When I was in growing up, I had a copy of *Handbook of Mathematical Tables and Formulas* by R. S. Burington from 1940. When I first saw the book, much of it was mysterious. Now everything in the book is very familiar, and would be familiar to anyone who has gone through the typical college calculus sequence. But there is one exception: two pages on spherical trigonometry, the study of triangles drawn on a sphere.

Until recently, the only place I’d ever heard of spherical trig was Burington’s old book. I managed to find a book on spherical trig at the Rice University library, Spherical Trigonometry by J. H. D. Donnay, written in 1945. Amazon has several recent books on the spherical trig, but it appears they’re all reprints of much older books. It seems interest in teaching spherical trig died sometime after World War II.

I’m not sure why schools quit teaching spherical trig. It’s a practical subject; after all, we live on a sphere. Surveyors, navigators, and astronomers would find it useful. Somewhere along the way, solid geometry fell out of favor, and I suppose spherical trig fell out of favor with it. The standard math curriculum changed in order to make a bee line for calculus. Presumably this is to meet the needs of science and engineering students who need calculus as a prerequisite for their courses. In the process, subjects like solid geometry were squeezed out. I see the logic in the contemporary sequence, but it is interesting that the sequence was different a generation or two ago.

See Notes on Spherical Trigonometry for a list of some of the elegant identities from this now obscure area of math. For example, the interior angles of a spherical triangle must add up to more than 180°, and the area of the triangle is proportional to the amount by which the sum of these angles exceeds 180°.

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I’ve been learning spherical triginometry in bits and pieces over the past year without knowing that that’s what it’s called. I took a job a year ago with a robotics company that makes UAVs. It’s amazing how large the error in your navigation calculations can grow when you try to ignore the curvature of the Earth.

Interesting … I always heard that before surveyors could demonstrate the curvature of the Earth by finding that the interior angles of a triangle on the surface added to more than 180 degrees, the vertices had to be on Himalayan mouintains, and even then it was dubious.

Here’s a guess — with WWII over and radar becoming more widely used, many fewer people needed to know old fashioned navigation. In the first place, there were a lot fewer night bomber sorties and covert reconnaisance flights. Those who did travel far could use radar as a much simpler and more accurate alternative, as it still is.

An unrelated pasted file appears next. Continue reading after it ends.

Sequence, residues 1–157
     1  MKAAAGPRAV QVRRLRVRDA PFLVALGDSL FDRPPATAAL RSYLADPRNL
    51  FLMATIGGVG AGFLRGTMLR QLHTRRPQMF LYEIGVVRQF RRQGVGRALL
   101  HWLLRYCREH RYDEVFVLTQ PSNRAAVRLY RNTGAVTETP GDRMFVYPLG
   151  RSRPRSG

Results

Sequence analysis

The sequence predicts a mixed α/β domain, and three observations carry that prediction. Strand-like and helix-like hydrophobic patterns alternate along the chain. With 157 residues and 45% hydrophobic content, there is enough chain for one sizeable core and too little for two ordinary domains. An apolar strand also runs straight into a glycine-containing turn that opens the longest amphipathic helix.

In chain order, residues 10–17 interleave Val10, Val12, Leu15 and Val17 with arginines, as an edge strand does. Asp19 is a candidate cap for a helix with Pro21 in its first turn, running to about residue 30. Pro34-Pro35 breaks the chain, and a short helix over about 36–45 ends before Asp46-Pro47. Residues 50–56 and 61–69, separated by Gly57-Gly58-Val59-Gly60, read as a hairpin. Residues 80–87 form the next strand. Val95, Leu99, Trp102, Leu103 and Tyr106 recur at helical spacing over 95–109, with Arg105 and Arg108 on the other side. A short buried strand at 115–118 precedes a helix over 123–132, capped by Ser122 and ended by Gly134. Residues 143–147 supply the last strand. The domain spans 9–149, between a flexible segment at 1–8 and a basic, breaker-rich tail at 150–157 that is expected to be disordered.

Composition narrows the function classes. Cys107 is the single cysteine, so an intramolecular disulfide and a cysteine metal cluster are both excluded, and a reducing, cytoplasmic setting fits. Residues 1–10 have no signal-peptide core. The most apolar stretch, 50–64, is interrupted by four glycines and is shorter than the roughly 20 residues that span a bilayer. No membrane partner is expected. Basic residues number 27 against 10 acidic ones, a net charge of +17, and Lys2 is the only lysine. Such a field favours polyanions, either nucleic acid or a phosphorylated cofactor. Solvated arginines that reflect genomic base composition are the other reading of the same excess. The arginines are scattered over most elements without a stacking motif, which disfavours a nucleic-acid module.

But I seriously doubt surveyors ever worried about the curvature of the Earth. First off, most surveying is done locally, and secondly local surface variation probably dwarfs any curvature effects.

As for astronomers, I don’t know, but it is not obvious to me why they would need it, unless it is simply beacuse they use spherical coordinates to locate things. And there aren’t that many of them, proportionally speaking.

Geographers and some map makers need to account for it, and the results at least need to be used for planning long range travel, but that still requires relatively few people to know how to do the calculations.

An interesting thing not many people know (present company excepted of course) is that the Earth was known to be a sphere at least since the ancient greeks, who even calculated the curvature using shadows of sticks. The old saw about Columbus having to convince Queen Isabella that the Earth was round instead of flat is a recent fiction. The controversy was over the distances involved in getting to East Asia by going West; Columbus had a radically optimistic opinion, which is why he assumed he had hit Asia when he hit the Americas.

Spherical trigonometry and the vector algebra of the unit sphere are both useful in applications involving directions, especially directions in 3D. There’s even a statistical subfield, typified by N.I.Fisher, T.Lewis, B.J.J.Embleton, STATISTICAL ANALYSIS OF SPHERICAL DATA, 1987.

As Bill the Lizard mentioned, the math mechanics of directions and such do get big billing in robotics work, too.

There is also hyperbolic trigonometry with its own sine and cosine laws.

This link is the best I can find on the web but it does little to emphasise the logical similarity to Euclidean trigonometry.

My math academic team is studying shperical trig. Is there someplace that I can find some practice questions? We only need problems that use the Law of Cos, Law of Sines , Napiers Circle and the area equation.

Evelyn, I’d look at the book by Donnay referenced in the post. It has been reprinted by Dover. Amazon lists several spherical trig books, all reprints of old books.

http://www.krysstal.com/sphertrig.html

This is a great website for spherical trig with exercises, etc.

Thanks for the link to krysstal.com. Looks good.

I am revisiting Spherical Trig after 30 years by going back over some of my books that I have collected over the years. Here are two that you may want to find.

1) on Amazon.com: Schaum’s Outline Series – Theory and Problems of Plane and Spherical Trigonometry by Frank Ayres, Jr. [1954 McGraw-Hill]

2)very old text book: Trigonometry For Home Study by William L. Schaaf

[1945 The New Home Library The Blakiston Company – Philadelphia]

I also have copies of sheets with 40+ problems and exercises I can share with anyone who is interested.

Also handy for direct exploration of spherical constructions: the spherical easel. http://merganser.math.gvsu.edu/easel/